Drastic increase in low carbon heating installation needed to reach net zero
Published June 30, 2021
There needs to be a 40-fold increase in the rate of installation of low carbon heating systems in UK homes if the government’s net zero commitment is to be met, a report has found.
Around 30 million homes will need to have low carbon heating installed in the next 30 years. At present only 26,000 a year are being installed. Modelling suggests 1.2 million a year will need to be installed by the end of the decade, a 40-fold increase.
“It has implications for business premises, not least because a significant proportion are still gas heated too. Admittedly, there are more options than in the domestic sector. Keeping things ticking over in business premises is easier, they aren’t subject to the same surge in demand for heating. This makes the use of measures such as heat pumps more attractive.”
Emissions from UK homes account for up to 40% of UK total emissions – with each home emitting 6 tonnes of carbon each year on average, according to the report from Energy Systems Catapult.
“Heat decarbonisation is one of the biggest energy topics facing the UK,” said Matthew Roberts, a sustainability consultant at Alfa Energy. “While the decarbonisation of power is going to happen one way or the other, heating is a different matter altogether, and hugely complicated by landlord and tenant issues. There is some movement in the right direction: in many cities one of the planning requirements now is to connect a new project to a District heating scheme. Whereas outside urban areas this is not usually the case. Meanwhile, people are still using gas: all boilers have to take 20 pc hydrogen according to EU laws. We are nowhere near that at moment. To get to decarbonisation, we will need to switch all boilers over as well as retrofit building fabric and insulation.”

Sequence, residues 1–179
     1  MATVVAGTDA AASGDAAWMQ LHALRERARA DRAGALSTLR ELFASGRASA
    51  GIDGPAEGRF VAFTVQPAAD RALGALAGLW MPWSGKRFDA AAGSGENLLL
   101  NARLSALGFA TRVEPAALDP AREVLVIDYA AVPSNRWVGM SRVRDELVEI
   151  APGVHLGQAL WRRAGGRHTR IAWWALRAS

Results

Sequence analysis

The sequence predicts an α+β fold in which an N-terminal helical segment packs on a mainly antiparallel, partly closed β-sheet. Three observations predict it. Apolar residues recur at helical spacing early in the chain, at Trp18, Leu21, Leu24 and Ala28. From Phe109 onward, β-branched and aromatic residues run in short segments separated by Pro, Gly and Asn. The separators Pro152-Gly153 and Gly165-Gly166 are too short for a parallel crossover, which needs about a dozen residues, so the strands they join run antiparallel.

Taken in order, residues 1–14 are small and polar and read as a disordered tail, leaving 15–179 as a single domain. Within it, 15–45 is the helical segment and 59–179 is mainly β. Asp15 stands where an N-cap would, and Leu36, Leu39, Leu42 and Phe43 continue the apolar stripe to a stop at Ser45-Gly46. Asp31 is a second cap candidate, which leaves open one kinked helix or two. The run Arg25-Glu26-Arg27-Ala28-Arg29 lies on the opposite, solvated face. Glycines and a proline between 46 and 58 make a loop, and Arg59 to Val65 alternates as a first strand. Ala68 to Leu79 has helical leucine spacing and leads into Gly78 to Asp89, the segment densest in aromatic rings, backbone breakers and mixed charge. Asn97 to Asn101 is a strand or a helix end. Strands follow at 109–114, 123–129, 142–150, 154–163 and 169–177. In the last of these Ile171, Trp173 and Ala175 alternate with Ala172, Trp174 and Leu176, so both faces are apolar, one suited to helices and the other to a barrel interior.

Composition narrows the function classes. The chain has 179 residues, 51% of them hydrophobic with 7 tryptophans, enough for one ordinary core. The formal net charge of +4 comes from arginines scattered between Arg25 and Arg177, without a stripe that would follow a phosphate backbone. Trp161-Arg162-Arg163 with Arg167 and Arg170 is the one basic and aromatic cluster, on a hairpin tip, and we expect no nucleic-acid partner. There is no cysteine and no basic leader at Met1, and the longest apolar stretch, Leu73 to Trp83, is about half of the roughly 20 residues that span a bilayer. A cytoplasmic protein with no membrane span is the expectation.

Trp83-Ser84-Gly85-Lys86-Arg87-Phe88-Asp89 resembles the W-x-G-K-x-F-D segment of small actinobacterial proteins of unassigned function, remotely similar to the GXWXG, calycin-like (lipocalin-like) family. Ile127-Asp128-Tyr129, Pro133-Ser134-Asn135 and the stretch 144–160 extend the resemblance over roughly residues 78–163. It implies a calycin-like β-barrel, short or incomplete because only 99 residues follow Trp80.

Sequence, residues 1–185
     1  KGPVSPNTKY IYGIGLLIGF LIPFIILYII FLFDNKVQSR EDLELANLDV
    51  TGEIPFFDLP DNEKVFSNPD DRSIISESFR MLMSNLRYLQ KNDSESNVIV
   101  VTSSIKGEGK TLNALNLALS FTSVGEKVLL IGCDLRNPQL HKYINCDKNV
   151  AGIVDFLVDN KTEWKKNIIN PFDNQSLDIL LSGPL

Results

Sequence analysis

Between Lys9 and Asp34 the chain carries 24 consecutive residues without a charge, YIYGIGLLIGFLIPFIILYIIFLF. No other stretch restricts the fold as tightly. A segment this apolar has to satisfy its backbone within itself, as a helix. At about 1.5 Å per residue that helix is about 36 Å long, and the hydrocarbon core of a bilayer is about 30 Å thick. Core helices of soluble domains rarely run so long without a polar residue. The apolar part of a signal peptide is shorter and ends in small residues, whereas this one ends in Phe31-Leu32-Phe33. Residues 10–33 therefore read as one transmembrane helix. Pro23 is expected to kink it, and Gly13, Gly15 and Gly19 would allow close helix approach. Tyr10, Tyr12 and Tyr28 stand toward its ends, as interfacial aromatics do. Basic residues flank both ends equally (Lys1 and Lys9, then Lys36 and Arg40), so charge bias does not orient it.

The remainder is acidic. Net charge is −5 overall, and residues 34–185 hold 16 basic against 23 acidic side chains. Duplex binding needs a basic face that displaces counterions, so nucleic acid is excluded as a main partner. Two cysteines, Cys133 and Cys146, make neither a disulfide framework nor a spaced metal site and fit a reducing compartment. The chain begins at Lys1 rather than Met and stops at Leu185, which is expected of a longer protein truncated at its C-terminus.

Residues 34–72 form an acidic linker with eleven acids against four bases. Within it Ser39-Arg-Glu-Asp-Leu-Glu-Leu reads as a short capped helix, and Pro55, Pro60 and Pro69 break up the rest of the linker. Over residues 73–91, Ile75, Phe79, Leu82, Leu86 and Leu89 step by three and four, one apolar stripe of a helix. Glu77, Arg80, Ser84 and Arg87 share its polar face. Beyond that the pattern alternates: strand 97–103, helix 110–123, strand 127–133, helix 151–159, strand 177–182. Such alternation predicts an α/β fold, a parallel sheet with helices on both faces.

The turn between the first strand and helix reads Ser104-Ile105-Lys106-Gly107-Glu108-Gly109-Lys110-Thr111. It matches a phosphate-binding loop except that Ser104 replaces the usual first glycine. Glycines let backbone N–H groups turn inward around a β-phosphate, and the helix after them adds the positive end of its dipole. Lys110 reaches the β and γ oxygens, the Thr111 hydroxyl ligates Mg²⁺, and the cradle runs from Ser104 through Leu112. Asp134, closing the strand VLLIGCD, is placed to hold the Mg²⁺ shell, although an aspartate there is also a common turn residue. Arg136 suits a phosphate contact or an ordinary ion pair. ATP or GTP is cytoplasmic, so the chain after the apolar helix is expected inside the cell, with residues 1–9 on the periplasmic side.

Shell Energy, which commissioned the report, found customers want low carbon heating without compromising on cost, comfort or convenience. The vast majority (87%) of British consumers say a low carbon heating system would need to be ‘as or more’ effective at heating their home than traditional gas systems. Currently fewer than 1 in 10 homeowners (9%) plan to switch to low carbon heating when they replace their current boiler. In addition, 58% say they would need to break even, or even benefit financially, in the long run to make the switch.
The government’s heat strategy later this year may remove VAT on products such as home batteries and heat pumps. Removing VAT on heat pumps could save £10bn for households moving to this option. “While this applies mainly to the domestic sector,” Matthew Roberts added, “it has implications for business premises, not least because a significant proportion are still gas heated too. Admittedly, there are more options than in the domestic sector. Keeping things ticking over in business premises is easier, they aren’t subject to the same surge in demand for heating. This makes the use of measures such as heat pumps more attractive.”